Wow. Scully knows the ICD9 billing code for c-sections. That’s ridiculous.

Shouldn’t Pinker have been able to reach his hand through the metal part of the phone booth?

Is Jackie dead?? Pinker seems to be able to touch people like a normal fella when he so chooses. Perhaps all that’s left of Jackie’s face is an ashen hole. Perhaps not.

Give me my son:

That’s a pretty O, Brother, Where Art Thou? style prison we open upon.

I love the way Scully reaches for Trevor’s hand right before they run for the phone booth.

If a naked man is chasing after you in the dark of the Mississippi night, it’s a good idea to run even if he can’t walk through walls.

Best Quotes:

Scully: Should we arrest David Copperfield?
Mulder: [Nods] Yes, we should. But not for this.

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10 responses to “Trevor 6×17: I just wanted another chance.

  1. Thank you Salome, it is so gratifying to see someone else out there that loves this episode as much as me, I read two star and three star reviews of this one leading me to believe I was deluded into thinking I was imagining a five star episode. Simply put, you know how much I love a good meat and potatoes X File with a great little story, and for me, Trevor is one of the best, it’s marvellous. It has this wonderful season one feel, from the story, to Mark Snow’s creepy music with the benefit of season six style banter between Mulder and Scully.

    For me this is the most underrated gem from the show.

    • Really? Two star and three star?? Let’s hope that wherever those reviews are they don’t have a comment box for me to leave a protest.

      I’m already mentally putting together my “10 that should be in your top 10 but aren’t” list and as of this moment, Trevor is in it.

  2. Have to agree about two things, that this episode is underrated (despite having many likeable moments, like the spontaneous combustion banter and Mulder waving the condom strip) and that season 6 is oddly consistent in quality. “Oddly”, because it is dismissed by having jumped the shark with the move to L.A., but I think that with closer examination of the episodes it’s clear that that statement is bull.

    Now, about this episode, I liked the premise, but I’ve never been quite able to like it due to the Pinker/June dynamic… It also probably doesn’t help that this episode is wedged between one whose existence I’d rather forget and one which I utterly love and am always ready to rewatch, but let’s save that for when you get the Milagro review up. :D

    • I can’t account for other people’s opinions since it’s largely a matter of taste, but whether or not “light” episodes are to your liking, I think we can safely put the “Season 6 jumped the shark” rumor to rest. Is it perfect? No. But the much beloved Season 4 had more actual duds than Season 6. And even if the style of many of the episodes is less preferable to some, you’d be hard pressed to deny that the quality of the writing is consistently high. The acting goes without saying and not even production quality suffered in the move to L.A. – though the aesthetic necessarily stretched a little.

      • Agent Venkman

        I’ve always liked Trevor, maybe because it has that classic X-Files feel to it, in a season that had way too many light-hearted episodes. Also, it was directed by Rob Bowman which always helps.

        When taken individually, most of the season 6 “light” shows are very good. The problem was that, at the time (1998-1999), it was overwhelming how much the tone of the show had changed, especially during the first half of the season, and coming right off from Fight the Future. Personally, I was expecting something different.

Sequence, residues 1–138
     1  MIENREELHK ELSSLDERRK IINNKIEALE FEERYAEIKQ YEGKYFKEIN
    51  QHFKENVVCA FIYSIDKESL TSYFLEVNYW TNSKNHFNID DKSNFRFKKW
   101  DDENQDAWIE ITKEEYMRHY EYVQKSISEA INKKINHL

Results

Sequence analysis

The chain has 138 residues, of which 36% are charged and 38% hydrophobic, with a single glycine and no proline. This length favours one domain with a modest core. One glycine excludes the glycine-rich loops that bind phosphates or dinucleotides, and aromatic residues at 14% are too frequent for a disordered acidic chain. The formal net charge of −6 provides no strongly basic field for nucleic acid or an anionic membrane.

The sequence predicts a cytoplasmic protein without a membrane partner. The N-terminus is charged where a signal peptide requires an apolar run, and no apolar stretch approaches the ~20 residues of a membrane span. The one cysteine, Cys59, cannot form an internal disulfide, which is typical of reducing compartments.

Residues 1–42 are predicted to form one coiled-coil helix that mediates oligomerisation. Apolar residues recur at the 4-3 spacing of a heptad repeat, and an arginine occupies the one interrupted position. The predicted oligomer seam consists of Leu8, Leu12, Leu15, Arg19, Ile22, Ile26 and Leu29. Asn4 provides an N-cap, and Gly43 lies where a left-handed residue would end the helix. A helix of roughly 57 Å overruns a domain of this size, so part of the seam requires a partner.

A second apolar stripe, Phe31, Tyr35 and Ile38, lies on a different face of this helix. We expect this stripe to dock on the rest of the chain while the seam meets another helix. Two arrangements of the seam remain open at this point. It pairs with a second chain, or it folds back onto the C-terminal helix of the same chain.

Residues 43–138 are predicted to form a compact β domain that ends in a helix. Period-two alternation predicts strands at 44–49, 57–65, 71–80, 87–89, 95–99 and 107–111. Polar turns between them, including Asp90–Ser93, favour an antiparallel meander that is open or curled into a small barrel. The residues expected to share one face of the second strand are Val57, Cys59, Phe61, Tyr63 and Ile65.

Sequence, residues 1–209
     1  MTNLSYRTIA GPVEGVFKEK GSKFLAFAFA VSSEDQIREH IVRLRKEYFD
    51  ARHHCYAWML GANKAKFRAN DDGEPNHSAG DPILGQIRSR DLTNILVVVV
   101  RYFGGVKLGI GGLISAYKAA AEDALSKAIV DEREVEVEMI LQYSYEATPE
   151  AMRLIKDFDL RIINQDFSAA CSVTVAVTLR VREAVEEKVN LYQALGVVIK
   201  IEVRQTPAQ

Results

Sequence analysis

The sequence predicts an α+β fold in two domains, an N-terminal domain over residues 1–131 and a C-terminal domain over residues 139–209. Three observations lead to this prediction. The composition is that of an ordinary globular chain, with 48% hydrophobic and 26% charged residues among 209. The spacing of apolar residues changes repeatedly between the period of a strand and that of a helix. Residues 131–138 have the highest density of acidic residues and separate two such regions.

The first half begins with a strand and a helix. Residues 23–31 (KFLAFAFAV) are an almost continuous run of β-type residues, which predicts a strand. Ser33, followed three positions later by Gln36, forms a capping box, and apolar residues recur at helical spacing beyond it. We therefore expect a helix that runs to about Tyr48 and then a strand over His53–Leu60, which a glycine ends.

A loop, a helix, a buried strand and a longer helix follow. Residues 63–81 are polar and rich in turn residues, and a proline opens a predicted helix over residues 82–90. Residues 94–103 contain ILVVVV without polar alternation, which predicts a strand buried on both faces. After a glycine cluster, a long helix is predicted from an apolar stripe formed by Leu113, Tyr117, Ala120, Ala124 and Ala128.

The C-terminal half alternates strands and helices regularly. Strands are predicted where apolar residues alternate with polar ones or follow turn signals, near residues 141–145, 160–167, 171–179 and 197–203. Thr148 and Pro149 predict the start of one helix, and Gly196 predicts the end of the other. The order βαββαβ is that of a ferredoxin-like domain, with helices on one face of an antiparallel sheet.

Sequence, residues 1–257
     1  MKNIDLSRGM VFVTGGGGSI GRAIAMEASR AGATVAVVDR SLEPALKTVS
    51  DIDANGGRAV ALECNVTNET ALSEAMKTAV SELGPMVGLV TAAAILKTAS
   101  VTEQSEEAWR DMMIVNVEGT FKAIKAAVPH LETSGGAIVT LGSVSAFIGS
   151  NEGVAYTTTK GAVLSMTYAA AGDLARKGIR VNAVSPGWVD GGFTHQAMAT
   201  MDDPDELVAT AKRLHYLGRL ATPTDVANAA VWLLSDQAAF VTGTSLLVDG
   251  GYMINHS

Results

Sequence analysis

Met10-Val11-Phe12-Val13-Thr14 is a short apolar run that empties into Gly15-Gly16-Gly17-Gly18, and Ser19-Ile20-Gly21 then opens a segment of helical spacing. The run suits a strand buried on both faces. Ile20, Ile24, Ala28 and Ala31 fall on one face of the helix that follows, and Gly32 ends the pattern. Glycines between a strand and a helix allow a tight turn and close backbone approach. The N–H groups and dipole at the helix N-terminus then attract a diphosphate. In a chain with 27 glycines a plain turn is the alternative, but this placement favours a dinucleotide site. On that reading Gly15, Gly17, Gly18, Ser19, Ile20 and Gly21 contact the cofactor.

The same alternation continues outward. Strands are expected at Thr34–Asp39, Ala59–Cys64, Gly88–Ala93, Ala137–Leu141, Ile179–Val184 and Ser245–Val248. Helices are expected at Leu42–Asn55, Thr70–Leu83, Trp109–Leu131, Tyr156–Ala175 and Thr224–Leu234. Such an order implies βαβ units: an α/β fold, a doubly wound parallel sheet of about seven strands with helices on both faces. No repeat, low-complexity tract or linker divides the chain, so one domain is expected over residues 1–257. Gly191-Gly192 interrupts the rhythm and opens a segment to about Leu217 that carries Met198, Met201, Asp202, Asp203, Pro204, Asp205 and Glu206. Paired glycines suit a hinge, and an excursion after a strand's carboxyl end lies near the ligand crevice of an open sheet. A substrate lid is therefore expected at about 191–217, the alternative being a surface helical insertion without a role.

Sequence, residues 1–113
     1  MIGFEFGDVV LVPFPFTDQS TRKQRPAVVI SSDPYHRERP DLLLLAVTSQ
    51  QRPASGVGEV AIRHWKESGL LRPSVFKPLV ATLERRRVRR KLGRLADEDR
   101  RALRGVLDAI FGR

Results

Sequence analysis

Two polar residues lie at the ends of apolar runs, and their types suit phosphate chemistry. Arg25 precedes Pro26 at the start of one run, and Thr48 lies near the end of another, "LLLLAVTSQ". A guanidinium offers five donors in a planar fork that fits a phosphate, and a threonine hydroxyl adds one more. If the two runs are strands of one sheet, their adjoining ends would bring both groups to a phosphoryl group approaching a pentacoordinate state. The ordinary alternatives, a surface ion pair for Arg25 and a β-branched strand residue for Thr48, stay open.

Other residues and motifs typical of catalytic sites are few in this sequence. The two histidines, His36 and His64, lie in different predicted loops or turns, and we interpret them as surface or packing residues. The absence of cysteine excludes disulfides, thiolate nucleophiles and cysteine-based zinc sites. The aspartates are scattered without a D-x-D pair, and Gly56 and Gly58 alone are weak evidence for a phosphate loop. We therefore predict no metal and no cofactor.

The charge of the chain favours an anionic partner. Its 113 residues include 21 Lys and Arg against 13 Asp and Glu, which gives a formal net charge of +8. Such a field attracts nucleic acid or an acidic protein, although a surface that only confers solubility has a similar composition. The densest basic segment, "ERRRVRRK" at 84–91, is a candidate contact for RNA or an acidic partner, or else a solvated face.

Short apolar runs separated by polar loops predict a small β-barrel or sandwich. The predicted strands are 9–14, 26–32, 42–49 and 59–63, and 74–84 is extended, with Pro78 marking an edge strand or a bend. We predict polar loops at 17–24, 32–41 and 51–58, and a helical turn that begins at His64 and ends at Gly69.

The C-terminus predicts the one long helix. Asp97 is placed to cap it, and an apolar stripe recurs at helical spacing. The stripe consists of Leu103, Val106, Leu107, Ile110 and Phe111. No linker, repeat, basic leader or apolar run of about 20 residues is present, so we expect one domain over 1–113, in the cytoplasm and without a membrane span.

As for “jumping the shark”, season 7 is where it happened. Not because of comedic episodes, they actually tried to be scary again, but the writing wasn’t quite as good anymore. Just the fact that season 7 has “Fight Club” and “First Person Shooter” plus “Sein und Seit/Closure” makes it the worst season (tie with season 9). Season 7 has a handful of EXCELLENT episodes, but even in those Duchovny is phoning-in his performance. Duchovny not caring anymore, which started during Season 6, really hurt the show, because Mulder became unlikable.

  3. So the banter in this episode is fantastic. The David Copperfield line is one of my favorites.

    That being said, this episode was just okay for me. Trevor is another episode I forgot about, so when I watched yesterday, it was like watching for the first time. I thought the thing with Rawls was pretty interesting (and funny that he passes through something and his clothes fall off), but there were elements of the whole thing that were pretty predictable (like the son being with the sister… as soon as it was brought up she had the kid, I was like “the sister has him.”)

    I dunno. Way better than Alpha, but just so-so for me.

  4. I find this episode quite enjoyable for several reasons, but one big thing for me is hearing Scully whisper “shit” when she’s got Trevor in the phone booth. :D

  5. Reblogged this on adhdjournal and commented:
    true story

  6. When I first saw this episode I thought the quality was actually really good. Though like others when I read the negative reviews I had to wonder if my own taste was off.

    After all the story is very simple if you strip away the X-Files connotation behind it. A man who is imprisoned, living in his personal hell with demons that taunt him. When he pleads in the middle of a simple act of god, a twister, he is heard and is granted a means to move heaven and earth so that he might receive his second chance by being a successful father to a son he desperately wanted to love and connect with. However the son is terrified of this man who, like the twister, is a force of nature on a determined mission that leaves wanton destruction in his wake. Yet, because of his very action of trying to move the earth and heavens to be with somebody in his pursuit, it only drove that person further away till his untimely death when he realizes not even his own son wanted him.

    Another tragic soul in the X-Files but touching story if you can try to understand what Pinkur might be thinking despite his swearing, destruction, insanity, and murdering.